A visual summary of some the key steps to follow when deploying benthic sleds or bottom trawls is shown in Figure 9.1.


Figure 9.1: Images from key steps involved in the use of grabs or box cores for marine monitoring: a) Recording metadata during gear deployment, b) Retrieving a Smith-McIntyre grab, c) Transferring sample for sedimentological analysis from grab to storage bag, d) Elutriating sediment over a sieve, e) Preserving a bucket of infaunal samples in ethanol, f) Sorting cumaceans under the microscope from elutriated infaunal samples.

Onboard sample acquisition

  1. Use multibeam data or underwater imagery to confirm appropriate areas to sample (soft vs hard substrate) and to identify the most appropriate equipment based on fine or coarse sediments.
  2. Use USBL System to ensure accurate positioning (Schlacher et al. 2007, Williams et al. 2015) [recommended, especially in deep waters]
  3. Document the specifications of all sampling gear to be used. This includes gear size and configuration (dimensions, weight) and deployment needs (wire length estimated, USBL methods), as well as sampling surface area, maximum volume, and maximum digging depth. This information must be included in survey metadata.
  4. Record all metadata related to each sample station, specified in Table 9.2.
  5. Deploy the grab or corer according to gear-specific protocols. Record GPS position, date, time and water depth when the sampler reaches the sea bed.
  6. When the equipment is lifted from the water, follow gear-specific protocols for its safe return to deck and access to the sample. Special care may be needed in rough conditions to ensure the sample is not spilled or in situations when the grab or corer has not been triggered.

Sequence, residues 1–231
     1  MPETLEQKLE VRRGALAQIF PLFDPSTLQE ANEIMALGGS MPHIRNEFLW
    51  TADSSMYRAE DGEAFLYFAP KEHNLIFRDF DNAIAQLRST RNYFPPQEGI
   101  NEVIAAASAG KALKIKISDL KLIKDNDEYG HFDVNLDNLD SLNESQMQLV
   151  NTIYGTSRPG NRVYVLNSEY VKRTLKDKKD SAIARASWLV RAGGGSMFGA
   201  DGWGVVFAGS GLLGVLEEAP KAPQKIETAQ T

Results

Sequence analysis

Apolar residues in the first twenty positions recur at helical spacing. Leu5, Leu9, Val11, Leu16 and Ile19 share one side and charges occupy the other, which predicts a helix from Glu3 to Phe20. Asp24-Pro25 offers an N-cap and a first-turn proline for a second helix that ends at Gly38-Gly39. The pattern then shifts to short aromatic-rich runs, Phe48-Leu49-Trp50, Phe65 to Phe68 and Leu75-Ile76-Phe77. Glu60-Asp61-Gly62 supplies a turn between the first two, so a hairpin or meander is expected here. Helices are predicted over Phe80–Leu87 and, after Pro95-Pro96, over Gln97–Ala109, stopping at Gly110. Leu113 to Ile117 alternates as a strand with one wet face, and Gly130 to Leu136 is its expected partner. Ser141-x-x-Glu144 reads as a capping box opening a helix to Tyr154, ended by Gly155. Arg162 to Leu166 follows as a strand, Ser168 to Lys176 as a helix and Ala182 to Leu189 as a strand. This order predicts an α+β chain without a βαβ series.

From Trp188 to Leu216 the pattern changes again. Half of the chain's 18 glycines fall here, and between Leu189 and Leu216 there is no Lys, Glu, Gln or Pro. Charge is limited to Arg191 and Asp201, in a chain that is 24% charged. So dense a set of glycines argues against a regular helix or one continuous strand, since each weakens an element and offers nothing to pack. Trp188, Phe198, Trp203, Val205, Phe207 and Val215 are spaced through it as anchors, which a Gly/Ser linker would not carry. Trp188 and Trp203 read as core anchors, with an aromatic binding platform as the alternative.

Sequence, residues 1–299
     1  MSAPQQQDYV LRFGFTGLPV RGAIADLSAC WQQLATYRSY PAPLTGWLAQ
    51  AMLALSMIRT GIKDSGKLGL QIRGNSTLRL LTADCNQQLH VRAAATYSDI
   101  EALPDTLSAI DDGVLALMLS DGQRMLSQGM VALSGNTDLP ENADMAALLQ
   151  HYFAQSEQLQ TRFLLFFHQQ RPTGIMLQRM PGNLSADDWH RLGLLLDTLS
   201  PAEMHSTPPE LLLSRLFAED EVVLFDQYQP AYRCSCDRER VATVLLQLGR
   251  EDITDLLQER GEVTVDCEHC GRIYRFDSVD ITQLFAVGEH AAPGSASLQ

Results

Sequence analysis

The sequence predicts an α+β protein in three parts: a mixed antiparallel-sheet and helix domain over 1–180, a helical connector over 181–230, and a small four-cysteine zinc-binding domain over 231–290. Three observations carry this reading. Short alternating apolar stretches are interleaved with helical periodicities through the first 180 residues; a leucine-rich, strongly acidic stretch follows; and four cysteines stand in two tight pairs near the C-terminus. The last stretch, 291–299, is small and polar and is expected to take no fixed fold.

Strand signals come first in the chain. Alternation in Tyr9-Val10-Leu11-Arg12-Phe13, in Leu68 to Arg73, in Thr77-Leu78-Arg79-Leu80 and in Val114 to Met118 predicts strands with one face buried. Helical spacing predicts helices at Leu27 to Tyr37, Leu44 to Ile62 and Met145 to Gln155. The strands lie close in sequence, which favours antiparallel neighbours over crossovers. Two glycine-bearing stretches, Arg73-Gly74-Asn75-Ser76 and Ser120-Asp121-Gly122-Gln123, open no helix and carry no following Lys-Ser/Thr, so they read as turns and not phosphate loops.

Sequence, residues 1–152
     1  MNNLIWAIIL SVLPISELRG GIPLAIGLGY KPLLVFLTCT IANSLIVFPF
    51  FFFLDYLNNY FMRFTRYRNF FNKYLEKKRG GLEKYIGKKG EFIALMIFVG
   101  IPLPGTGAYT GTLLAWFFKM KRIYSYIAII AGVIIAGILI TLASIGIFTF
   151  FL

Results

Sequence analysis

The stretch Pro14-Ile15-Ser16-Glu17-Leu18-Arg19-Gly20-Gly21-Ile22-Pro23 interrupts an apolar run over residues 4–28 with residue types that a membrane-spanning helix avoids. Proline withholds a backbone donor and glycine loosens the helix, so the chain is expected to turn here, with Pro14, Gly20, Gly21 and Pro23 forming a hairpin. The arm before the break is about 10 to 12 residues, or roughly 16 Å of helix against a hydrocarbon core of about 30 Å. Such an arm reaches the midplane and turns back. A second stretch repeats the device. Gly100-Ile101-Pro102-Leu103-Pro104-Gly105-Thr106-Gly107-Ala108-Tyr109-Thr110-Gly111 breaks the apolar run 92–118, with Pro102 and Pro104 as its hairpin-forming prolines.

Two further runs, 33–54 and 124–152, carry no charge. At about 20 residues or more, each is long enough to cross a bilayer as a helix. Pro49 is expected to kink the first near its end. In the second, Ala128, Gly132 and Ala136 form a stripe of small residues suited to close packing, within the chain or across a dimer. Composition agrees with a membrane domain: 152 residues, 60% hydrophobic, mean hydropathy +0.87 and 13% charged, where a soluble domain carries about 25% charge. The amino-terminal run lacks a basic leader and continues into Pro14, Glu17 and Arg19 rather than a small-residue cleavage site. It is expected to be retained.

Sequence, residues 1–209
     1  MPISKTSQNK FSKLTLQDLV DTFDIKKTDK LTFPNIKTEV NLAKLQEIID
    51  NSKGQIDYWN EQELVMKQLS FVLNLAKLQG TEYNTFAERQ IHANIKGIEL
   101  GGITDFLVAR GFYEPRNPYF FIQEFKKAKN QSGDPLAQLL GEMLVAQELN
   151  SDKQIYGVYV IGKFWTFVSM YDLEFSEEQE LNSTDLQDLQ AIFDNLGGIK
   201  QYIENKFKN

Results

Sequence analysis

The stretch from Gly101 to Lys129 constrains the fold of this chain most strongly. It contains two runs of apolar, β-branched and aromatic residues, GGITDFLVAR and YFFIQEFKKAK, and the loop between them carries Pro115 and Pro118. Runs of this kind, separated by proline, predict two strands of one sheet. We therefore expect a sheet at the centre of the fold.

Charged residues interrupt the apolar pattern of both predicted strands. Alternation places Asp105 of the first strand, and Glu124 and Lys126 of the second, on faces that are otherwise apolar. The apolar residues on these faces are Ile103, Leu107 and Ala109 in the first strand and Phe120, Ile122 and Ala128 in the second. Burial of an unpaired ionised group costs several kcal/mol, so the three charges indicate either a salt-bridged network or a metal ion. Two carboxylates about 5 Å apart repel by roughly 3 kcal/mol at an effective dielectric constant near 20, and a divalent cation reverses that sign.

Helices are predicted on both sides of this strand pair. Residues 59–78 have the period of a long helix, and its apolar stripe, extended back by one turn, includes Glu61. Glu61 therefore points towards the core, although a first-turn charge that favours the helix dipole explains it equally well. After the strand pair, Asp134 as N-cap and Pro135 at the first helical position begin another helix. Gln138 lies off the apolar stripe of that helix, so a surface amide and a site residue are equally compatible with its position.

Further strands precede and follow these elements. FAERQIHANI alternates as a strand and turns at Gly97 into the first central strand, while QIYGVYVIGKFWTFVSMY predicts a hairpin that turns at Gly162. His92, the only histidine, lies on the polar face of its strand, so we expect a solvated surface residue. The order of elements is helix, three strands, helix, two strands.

7. Assess the success of deployment and record the proportion of grab or corer filled (Table 9.2).
  8. If there is significant damage to gear, gear closure failure, sample spillage or scant sample return, the sample should not be used in quantitative comparisons with other deployments. If possible, repeat a deployment at that location. Scant sample is defined as being at least 50% empty.
  9. Record general observations, particularly conspicuous biota, general sediment description, and evidence of anoxic or reduced sediments (i.e. black/green colour, sulphur smell).
  10. Photograph the entire sample with the station identification placard. If taking photos of individual biota from the sample (must be done after step 10), photograph them on the station identification placard. It may be worth considering including a basic scale bar on station identification placards for this purpose.
  11. As soon as practical, begin onboard processing of the sample for sedimentology, biology, and biogeochemistry (next sections, Figure 9.2).
  12. After all samples have been removed (next sections, Figure 9.2), thoroughly wash gear to prevent cross-contamination. Set up gear for next deployment or safely secure for long transits or if operations have ceased for the day.


Figure 9.2: Workflow for onboard sample acquisition and processing from grabs and box cores.

Table 9.2: Sample field datasheet to record metadata from each grab or corer deployment. Waterproof paper and pen/pencil is required.


Onboard sample processing & storage

  1. For most equipment, the sedimentology and geochemical sub-samples can be accessed while the sample remains in the grab or corer, thus minimising disturbance. The biological sub-sample can be processed after these sub-samples have been removed.
  2. When processing biological samples, pass any excess water from the sampling gear over the sieve; for a box core this will likely need to be done with a siphon. Process the material retained on the sieve, refer to biological steps below.
  3. Undertake geochemical, sedimentological, and biological processing steps below for each sediment sample collected.
  4. After samples are processed, transcribe the metadata from Table 9.2 into digital format. This can be done in the evening or during other shipboard operations, but it should be done onboard because it provides an immediate back-up, allows for correction of obvious errors, and facilitates timely metadata release.
  5. During demobilisation, ensure samples and drums are properly closed and implement shipping according to decision made during pre-survey planning.

Sedimentology (texture, colour and composition)